Six lockdown learnings from the hospitality and leisure sector
From restaurants and bars to hotels and sports centres, the hospitality and leisure sector has been dramatically affected by the coronavirus lockdown. We explore the trends across our portfolio of companies in the sector during lockdown and beyond.
Safety always comes first
Companies are united on one point: profits and revenues are important, but the safety of customers and staff is the top priority. Personal protective equipment for staff, plastic screens at cash desks and continuous cleaning are some of the measures introduced. Kitchens are a challenge as these environments tend to be especially busy. Stringent hygiene, face masks, flow systems and ‘give way’ systems are important. The key is to be vigilant and to follow the latest government guidance.
Don’t rush reopening, be flexible and work in phases
Successful businesses have staggered their reopening of sites, beginning by opening a handful of sites for delivery only, then gradually moving to full operations in phases. They have been flexible, testing their strategy as they go along and continuing to assess footfall, competitors and consumer appetite. There have been tough choices to make.
Social distancing is one of the greatest challenges
The adoption of the “one-metre-plus” rule on 4 July was well received by companies in the hospitality and leisure sector – the previous two-metre rule created many challenges in terms of queuing and table layout. Even with the new guidance, it’s essential to have good systems in place to manage human traffic, such as floor markings to show customers where they should stand.
Engage with your customers and pivot to meet their needs
Coronavirus has changed customer behaviour. It’s crucial to be responsive by refining menus where necessary and offering services that are in demand, such as takeaway options. Engaging with customers on social media is a good way to stay informed about their needs.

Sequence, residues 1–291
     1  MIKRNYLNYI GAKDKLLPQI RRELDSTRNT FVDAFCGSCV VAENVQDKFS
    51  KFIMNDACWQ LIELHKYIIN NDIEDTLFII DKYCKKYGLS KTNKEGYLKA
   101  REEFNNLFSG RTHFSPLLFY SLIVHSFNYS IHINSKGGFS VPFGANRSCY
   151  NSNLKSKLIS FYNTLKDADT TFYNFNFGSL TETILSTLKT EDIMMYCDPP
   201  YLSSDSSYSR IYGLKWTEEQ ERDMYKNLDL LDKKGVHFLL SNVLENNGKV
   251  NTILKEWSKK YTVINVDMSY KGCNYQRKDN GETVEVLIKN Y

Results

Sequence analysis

Coronavirus has changed the maths about locations’ value
Fewer people commuting means less footfall in city centres and public transport hubs, putting hospitality and leisure sites in these locations under pressure. However, market towns, local neighbourhoods, sites with gardens, car parks and drive-through facilities have an advantage. The good news is the government has made it easier, in some regions, to obtain licences to use outdoor space. The hope is that business in city centres will improve as people return to work.
Be cautious in your planning – there could be a second spike
The watchword is caution. The country seems to be edging back to normality, but there is a risk of a second spike of coronavirus infections, which could lead to a tightening of social distancing measures. We have already seen regional lockdowns. It’s important to be nimble and creative, to plan and constantly reassess your plans, and to learn from the experience of other operators and other countries.
Do you work in the hospitality and leisure sector? Have you observed examples of good practice you’d like to share? As our economy recovers from the coronavirus, we think it’s essential to bring together skills, expertise and learnings. Please share your thoughts with us on social media or by email.
We know hospitality and leisure
BGF has backed 20 companies in the hospitality and leisure sector with a total of £176 million invested and 4 exits to date.
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